Ver. 17.—I am glad of the presence of Stephanas, and Fortunatus, and Achaiacus. (1.) According to Anselm this presence means the presence of these men with the Corinthians to supply, teach, and strengthen them in the faith. (2.) According to Theophylact it is the presence of these men with S. Paul, to supply him with what he needed for his ministry from their own resources, and so to help forward the cause of Christ. This is undoubtedly S. Paul’s meaning, and suits better with what follows.

Ver. 18.—For they have refreshed my spirit and yours. What refreshes me refreshes you. Theophylact thinks that these men were so warmly commended to the Corinthians, to prevent them from being trented coldly or severely for having brought to S. Paul news of the divisions and backslidings of the Corinthians.

Ver. 22.—If any man love not the Lord Jesus Christ, let him be Anathema. “Anathema” denotes anything separated by a curse, thrown away, and destined for utter destruction. In the case of men it denotes, therefore, eternal damnation. These are not words of excommunication merely, but of cursing, and of denunciation of eternal damnation against unbelievers and all who love not Christ. Cf. notes on Rom. 9:3. Next to “anathema” was reckoned “katathema,” which was a term applied to those who allied themselves to persons under condemnation. Hence Justin (qu. 121) says: “ ‘Anathema” denotes anything laid aside and set apart for God, and no longer put to common uses, or what has been cut off from God because of its vice or guilt. ‘Katathema’ is applied to those who consent to men under anathema, or who devote themselves to the gods below.”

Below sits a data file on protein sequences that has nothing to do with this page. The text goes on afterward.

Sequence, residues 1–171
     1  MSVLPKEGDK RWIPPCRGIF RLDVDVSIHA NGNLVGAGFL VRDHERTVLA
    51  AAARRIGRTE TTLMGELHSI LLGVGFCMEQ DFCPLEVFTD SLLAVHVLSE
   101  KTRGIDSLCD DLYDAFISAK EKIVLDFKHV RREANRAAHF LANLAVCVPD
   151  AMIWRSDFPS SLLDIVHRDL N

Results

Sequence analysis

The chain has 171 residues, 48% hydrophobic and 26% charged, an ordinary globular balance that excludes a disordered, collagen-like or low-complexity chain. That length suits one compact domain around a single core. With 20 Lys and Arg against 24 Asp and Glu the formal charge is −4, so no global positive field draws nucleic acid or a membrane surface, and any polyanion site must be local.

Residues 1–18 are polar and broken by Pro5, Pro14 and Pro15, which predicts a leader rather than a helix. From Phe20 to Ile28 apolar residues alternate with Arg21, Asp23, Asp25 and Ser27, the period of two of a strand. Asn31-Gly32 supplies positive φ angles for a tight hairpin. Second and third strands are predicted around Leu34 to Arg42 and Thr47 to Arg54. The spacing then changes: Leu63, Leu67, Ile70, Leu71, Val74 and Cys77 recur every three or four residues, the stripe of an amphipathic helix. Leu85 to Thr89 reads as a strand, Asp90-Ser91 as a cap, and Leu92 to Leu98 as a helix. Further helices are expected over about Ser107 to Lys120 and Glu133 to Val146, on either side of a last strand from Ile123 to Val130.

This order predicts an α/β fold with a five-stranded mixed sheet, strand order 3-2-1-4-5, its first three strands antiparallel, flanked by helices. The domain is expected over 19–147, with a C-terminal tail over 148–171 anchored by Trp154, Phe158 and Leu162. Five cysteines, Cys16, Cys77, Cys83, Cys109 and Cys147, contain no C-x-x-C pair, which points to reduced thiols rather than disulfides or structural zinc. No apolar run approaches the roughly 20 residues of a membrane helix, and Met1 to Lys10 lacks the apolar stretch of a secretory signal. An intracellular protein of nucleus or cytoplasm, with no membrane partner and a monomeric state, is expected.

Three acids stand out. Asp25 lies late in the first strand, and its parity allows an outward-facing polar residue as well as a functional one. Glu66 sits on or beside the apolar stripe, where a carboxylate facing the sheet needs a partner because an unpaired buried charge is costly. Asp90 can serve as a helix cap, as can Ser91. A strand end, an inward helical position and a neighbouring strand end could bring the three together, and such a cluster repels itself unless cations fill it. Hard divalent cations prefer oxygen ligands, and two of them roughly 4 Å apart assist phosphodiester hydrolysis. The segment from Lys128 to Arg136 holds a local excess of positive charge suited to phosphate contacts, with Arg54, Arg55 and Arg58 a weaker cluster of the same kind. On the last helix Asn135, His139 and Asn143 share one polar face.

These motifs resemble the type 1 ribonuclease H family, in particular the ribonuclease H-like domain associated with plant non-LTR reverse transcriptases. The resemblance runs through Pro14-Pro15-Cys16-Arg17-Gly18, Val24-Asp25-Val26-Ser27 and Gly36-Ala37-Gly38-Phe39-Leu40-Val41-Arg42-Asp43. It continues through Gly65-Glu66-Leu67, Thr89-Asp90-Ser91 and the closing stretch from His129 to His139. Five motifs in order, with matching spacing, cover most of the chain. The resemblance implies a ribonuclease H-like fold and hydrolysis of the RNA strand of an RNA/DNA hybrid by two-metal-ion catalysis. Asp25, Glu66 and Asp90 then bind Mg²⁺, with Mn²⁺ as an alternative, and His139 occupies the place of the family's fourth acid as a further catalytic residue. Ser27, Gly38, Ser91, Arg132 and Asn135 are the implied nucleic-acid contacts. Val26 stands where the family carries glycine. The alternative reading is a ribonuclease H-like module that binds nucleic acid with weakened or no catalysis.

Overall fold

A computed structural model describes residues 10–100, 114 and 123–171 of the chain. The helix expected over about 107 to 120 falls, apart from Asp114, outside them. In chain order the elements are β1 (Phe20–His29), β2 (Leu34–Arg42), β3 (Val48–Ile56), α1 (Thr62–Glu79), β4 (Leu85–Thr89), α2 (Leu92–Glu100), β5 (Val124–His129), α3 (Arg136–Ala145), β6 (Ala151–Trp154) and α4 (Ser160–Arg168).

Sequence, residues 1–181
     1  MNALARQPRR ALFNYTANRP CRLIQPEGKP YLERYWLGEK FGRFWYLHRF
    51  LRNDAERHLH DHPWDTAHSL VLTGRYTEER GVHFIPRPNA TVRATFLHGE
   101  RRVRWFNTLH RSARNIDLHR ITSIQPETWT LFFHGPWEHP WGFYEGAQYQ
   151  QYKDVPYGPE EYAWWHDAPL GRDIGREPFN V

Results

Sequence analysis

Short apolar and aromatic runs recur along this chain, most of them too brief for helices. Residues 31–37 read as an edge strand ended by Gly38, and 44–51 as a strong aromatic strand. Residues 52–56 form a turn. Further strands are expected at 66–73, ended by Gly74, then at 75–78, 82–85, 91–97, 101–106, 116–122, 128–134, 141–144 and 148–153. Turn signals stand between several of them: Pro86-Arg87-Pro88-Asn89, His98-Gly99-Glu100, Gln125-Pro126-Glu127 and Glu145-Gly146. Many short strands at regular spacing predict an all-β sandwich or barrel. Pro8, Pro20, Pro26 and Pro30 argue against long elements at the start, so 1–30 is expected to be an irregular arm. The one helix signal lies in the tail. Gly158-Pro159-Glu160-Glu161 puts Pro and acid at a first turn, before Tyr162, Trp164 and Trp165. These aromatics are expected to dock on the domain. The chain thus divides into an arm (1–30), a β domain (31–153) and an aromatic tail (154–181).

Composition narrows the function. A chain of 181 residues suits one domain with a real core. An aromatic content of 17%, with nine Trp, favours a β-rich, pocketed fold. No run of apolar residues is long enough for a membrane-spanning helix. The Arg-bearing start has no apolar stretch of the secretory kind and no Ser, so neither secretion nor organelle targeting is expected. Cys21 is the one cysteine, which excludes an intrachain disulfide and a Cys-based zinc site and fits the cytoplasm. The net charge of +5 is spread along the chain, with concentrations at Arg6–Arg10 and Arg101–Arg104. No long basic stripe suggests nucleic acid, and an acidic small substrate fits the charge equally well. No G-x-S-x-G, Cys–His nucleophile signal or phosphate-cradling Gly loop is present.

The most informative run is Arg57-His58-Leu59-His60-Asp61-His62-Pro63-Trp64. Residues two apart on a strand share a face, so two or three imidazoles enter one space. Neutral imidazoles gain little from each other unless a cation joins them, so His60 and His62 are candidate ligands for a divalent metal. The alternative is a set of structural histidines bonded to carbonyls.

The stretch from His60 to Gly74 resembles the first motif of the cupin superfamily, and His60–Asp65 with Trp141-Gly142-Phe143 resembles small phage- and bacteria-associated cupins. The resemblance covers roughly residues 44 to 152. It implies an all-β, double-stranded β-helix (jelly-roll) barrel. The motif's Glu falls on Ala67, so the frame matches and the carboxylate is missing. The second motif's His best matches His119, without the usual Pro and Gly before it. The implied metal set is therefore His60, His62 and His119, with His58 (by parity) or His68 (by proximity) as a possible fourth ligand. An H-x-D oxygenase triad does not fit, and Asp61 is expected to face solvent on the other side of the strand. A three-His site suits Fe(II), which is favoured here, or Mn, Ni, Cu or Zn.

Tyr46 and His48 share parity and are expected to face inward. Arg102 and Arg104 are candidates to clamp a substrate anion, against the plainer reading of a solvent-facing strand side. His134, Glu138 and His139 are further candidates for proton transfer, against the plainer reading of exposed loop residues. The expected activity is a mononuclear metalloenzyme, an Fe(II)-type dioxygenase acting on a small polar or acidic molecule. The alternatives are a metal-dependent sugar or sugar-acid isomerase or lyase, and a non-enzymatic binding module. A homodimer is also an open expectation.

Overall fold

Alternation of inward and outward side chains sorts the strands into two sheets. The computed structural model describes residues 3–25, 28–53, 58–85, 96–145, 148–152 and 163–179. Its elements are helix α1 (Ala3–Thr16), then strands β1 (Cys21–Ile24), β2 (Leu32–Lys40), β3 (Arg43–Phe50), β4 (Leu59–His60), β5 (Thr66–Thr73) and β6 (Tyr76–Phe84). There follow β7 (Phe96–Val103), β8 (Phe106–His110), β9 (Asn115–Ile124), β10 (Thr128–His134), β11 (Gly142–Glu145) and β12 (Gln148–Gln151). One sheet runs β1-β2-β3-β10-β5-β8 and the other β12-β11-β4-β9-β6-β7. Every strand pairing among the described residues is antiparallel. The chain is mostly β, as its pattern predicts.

Maran-atha. This is properly two words. Erasmus thinks it is the same as “anathema,” and he compares with its use here, “Abba Father.” But he is mistaken: the words are Hebrew-Syriac, and signify, “The Lord has come.” The first part is still in common use among the Christian churches of India and Babylon, which look to S. Thomas as their founder, and is applied to their bishops, as Mar Simeon, Mar Joseph, &c. But what has the phrase, “the Lord has come,” to do with the context here? Chrysostom and Theophylact say that S. Paul uses this word in order to point to Christ’s coming in our flesh, and His charity, to stimulate us to endeavour to come to every degree of virtue, and, as S. Jerome says, to hint that it is foolish to contend any longer by wanton hatred of one another against Him who, as every one knows, has now come. S. Chrysostom says, further, that the reason why S. Paul denounces anathema against those who love not Jesus is, that He has now come in His humility to save, so that there is now no excuse for not loving Him; for the Incarnation and Passion of Christ so win our love that the man who does not love Him is unworthy of pardon.